Bursting with Health and Vitality

Did you know that as soon as a plant is harvested, it starts to lose its nutritional value? Within a day, a tender soft tissue plant has lost 80% of its essential oils and half of its vitamin and mineral content. Within 3 days many plants have lost most of their nutrient value. The average time from harvest to your shopping trolley at a supermarket is 105.6 hrs, which is almost 4 and a half days!

This is why we believe that every vegetable should be consumed as close to the point of harvest as possible. Preferably in your kitchen. We want you to experience the taste of food that is as good as or better than something you have grown in your own garden.

In order to provide you with such delicious produce we must first supply your business, community, cause or home with the equipment, the knowledge and support needed so that you can grow amazingly healthy plants bursting with taste. Our products need as little as 0.3 square meters of floor space.

What is groLOCAL?

groLOCAL creates Urban/Aid/Hydroponic/Aquaponic Farms and the equipment required to operate them. We also seek to export our solutions to any country in the world where food security and/or supply is an issue.

What are our values?

To achieve our social and environment aims we must be first and foremost be both profitable and successful as a business. Urban farming is too positive an opportunity to waste. We don't want to see our projects fall by the wayside because of lack of business balance and understanding. Unfortunately, a bucket load of enthusiasm to change the world with laudable social and environmental goals would likely to be insufficient on their own. We live in a global market where larger enterprises are always seeking new ways to retain or grow market share and we need to be both prepared for the risks and the opportunities. We are seeking to demonstrate both Commercial Acumen and Social Responsibility.

How do we achieve our goals?

By understanding what our customers (Wholesale/Catering/Retail/Consumer/Entrepreneur/Charity) actually want, and when they don't know, we try to educate them on the options.

What are the opportunities?

BREXIT is an opportunity. The pound has fallen, which means that cost of importing food to the UK has increased. As wholesale and retail food prices increase due to Sterling weakness and with potential import tariffs for EU foods on the horizon, urban farms are become increasingly economically viable here in the UK. Once these farms become established, improved technology and methods will see Yield improvements and this will lead to rapid expansion of UK urban farming. Selling our equipment and support to these businesses are a key part of our sales strategy.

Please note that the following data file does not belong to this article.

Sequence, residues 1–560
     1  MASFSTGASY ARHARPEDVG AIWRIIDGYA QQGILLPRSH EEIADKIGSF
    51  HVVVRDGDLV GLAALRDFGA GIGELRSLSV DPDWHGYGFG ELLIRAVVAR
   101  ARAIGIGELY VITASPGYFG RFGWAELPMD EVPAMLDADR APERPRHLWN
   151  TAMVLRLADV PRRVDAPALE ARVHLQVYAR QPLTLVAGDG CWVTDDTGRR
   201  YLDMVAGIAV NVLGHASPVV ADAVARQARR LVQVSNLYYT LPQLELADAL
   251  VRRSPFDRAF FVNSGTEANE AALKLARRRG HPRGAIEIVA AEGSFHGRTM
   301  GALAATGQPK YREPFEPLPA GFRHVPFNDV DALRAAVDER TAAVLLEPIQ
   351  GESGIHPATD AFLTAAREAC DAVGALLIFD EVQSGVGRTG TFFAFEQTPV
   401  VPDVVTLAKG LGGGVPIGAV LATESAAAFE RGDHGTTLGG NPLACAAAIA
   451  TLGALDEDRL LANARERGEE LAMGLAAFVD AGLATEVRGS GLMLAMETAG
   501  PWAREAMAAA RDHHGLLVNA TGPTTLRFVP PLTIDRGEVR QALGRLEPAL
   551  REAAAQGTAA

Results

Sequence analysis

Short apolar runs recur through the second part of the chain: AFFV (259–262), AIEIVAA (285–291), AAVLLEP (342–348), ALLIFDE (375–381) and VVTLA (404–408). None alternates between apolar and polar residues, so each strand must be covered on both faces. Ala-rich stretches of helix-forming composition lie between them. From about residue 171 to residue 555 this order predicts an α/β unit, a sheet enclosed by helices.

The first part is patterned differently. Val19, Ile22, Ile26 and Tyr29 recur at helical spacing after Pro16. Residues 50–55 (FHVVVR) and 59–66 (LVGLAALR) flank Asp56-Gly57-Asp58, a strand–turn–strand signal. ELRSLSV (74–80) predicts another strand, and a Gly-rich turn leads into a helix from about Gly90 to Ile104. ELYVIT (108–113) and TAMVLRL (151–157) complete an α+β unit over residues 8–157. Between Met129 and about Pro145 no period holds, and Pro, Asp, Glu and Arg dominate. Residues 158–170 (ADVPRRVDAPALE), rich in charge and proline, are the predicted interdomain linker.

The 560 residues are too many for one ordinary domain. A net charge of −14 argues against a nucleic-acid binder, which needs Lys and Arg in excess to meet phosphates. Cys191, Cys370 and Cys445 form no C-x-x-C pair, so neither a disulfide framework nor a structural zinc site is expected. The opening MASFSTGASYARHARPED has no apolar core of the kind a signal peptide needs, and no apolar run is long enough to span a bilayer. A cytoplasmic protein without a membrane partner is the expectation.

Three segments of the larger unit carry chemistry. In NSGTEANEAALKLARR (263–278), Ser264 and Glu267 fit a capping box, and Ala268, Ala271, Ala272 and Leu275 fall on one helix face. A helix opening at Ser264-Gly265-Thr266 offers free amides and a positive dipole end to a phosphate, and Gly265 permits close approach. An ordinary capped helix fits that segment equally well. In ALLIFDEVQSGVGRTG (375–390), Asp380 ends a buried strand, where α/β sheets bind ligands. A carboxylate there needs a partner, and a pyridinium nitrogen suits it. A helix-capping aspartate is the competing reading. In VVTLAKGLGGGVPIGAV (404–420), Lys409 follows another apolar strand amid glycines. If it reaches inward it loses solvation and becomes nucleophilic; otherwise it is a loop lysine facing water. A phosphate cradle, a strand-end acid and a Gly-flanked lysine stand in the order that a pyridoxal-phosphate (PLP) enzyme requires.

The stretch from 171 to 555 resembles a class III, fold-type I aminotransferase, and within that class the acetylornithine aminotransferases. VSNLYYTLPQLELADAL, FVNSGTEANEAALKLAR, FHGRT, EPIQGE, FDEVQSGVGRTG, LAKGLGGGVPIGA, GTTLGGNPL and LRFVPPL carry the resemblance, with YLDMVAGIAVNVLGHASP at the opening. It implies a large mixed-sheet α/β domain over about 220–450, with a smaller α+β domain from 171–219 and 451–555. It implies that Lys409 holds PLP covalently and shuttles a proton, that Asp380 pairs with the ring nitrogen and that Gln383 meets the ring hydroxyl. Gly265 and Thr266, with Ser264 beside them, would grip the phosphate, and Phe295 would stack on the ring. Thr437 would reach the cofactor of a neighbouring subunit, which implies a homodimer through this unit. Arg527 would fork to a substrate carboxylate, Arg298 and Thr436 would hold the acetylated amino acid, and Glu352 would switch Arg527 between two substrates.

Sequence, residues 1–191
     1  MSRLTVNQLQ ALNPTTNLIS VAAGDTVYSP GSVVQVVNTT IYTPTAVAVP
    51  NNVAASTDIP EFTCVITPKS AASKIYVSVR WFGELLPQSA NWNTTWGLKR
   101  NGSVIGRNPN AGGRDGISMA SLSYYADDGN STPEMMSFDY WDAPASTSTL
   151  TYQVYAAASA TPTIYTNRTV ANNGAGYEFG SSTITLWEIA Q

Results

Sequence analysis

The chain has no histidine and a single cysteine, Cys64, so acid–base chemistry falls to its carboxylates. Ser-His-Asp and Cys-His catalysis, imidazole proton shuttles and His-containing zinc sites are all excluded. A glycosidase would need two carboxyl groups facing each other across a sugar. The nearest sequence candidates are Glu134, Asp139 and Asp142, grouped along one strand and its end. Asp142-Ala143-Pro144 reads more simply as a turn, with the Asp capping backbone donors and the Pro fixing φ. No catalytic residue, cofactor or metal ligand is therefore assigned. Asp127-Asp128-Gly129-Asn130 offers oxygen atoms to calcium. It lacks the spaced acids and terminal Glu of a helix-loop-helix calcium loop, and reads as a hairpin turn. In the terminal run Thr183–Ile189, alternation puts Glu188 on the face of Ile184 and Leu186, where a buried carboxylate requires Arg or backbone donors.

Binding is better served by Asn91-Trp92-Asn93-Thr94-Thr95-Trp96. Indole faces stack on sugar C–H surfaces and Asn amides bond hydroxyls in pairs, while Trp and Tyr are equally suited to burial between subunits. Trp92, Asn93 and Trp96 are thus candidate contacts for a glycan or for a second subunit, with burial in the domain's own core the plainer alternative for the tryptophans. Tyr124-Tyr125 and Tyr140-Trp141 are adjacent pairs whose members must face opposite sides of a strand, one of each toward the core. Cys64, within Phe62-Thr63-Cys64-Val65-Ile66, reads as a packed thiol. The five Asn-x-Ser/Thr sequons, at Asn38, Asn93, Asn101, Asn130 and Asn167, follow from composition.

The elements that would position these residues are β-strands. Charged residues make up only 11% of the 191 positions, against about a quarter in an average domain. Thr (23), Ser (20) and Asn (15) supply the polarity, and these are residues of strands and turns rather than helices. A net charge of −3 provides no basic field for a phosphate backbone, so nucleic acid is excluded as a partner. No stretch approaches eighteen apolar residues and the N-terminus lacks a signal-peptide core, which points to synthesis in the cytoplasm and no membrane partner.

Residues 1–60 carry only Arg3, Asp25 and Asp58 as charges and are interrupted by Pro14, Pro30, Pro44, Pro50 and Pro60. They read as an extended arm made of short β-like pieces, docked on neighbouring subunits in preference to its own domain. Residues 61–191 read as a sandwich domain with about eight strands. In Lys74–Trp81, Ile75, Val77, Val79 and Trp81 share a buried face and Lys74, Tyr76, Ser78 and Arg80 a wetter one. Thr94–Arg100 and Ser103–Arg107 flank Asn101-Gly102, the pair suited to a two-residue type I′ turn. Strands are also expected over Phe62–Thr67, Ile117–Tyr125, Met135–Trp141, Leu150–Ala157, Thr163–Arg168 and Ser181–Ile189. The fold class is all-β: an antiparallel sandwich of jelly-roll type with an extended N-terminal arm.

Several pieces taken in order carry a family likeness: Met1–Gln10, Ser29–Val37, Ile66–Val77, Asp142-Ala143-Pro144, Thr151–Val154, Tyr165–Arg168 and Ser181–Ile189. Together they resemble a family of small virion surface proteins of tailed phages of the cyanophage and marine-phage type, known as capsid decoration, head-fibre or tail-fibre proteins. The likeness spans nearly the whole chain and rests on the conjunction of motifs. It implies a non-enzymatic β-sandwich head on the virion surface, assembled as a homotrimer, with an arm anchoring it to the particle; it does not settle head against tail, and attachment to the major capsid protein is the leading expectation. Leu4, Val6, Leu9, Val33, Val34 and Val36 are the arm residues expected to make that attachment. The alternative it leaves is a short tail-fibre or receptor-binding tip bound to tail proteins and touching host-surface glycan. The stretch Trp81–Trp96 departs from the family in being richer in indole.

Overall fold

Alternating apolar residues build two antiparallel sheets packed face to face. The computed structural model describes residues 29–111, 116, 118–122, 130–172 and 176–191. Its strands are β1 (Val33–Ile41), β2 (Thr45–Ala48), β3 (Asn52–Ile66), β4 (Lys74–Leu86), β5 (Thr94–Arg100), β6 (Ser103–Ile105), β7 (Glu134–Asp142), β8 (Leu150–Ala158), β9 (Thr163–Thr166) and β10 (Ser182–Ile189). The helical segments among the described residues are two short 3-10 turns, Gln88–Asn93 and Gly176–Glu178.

Food safety and provenance is an opportunity. Increasingly, we as consumers want to know where our food comes from, what pesticide and other treatments it has endured and much more. Global Corporations are increasingly seen negatively by the consumer, and this means that those brands that can establish their integrity and transparency can flourish. The more local the production the easier transparency is to achieve. Giving UK food producers a rapid boost of credibility in the UK food supply chain.

Food sustainability and security of the global food supply chain is an opportunity. As consumers, we also want to know how the people cultivating the produce have been treated and remunerated, how the land has been used and the environmental impact and sustainability of the farming process and the transportation impact of getting the produce from the farms to our plate. The current approach to mass food importation to the UK leaves a considerable carbon footprint behind. Urban farms can change all of this: A single urban farm based in a single shipping container, can produce the same amount of lettuce as one acre of arable land in the UK. In theory at least, you can stack 800 shipping containers on one acre of land. Not that we want to see that, but it does mean that the UK has it well within its grasp to supply its own food requirements well into the next century without too much difficulty through the adoption of Urban farming.

Going smaller is an opportunity. At the outset we developed a modular hydroponic system, called the groSTORE, for food production in our Urban Farm container design. We soon worked out that the modules could be made very self-contained and would function very well in a wide number of situations where a smaller production capacity was desired. This has opened up opportunities with a wide variety of catering establishments which we have just begun to explore.

Going even smaller is an opportunity. We are just embarking on a Kickstarter campaign to raise funds to develop a small hydroponic growing unit called the groTROLLEY. Just small enough to make it suitable for use in household kitchens. We aim to explore the potential scale and appetite for UK consumers to grow micro-greens and herbs in their kitchens with our innovative new product.

Sources: https://www.farmdrop.comhttp://www.uriahsurbanfarms.com/